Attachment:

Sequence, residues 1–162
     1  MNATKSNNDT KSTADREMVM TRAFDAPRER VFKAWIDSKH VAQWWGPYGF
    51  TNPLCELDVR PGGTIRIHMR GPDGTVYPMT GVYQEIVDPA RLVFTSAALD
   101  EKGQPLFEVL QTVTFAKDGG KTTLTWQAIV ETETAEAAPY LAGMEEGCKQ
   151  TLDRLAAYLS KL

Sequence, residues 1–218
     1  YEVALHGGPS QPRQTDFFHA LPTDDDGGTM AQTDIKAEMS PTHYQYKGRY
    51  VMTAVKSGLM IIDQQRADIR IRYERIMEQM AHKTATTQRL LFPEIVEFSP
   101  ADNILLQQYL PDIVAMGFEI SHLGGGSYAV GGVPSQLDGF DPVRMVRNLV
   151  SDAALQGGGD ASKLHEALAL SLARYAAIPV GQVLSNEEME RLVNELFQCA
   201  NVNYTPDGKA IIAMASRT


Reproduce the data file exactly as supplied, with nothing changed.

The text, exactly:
Sequence, residues 1–162
     1  MNATKSNNDT KSTADREMVM TRAFDAPRER VFKAWIDSKH VAQWWGPYGF
    51  TNPLCELDVR PGGTIRIHMR GPDGTVYPMT GVYQEIVDPA RLVFTSAALD
   101  EKGQPLFEVL QTVTFAKDGG KTTLTWQAIV ETETAEAAPY LAGMEEGCKQ
   151  TLDRLAAYLS KL

Sequence, residues 1–218
     1  YEVALHGGPS QPRQTDFFHA LPTDDDGGTM AQTDIKAEMS PTHYQYKGRY
    51  VMTAVKSGLM IIDQQRADIR IRYERIMEQM AHKTATTQRL LFPEIVEFSP
   101  ADNILLQQYL PDIVAMGFEI SHLGGGSYAV GGVPSQLDGF DPVRMVRNLV
   151  SDAALQGGGD ASKLHEALAL SLARYAAIPV GQVLSNEEME RLVNELFQCA
   201  NVNYTPDGKA IIAMASRT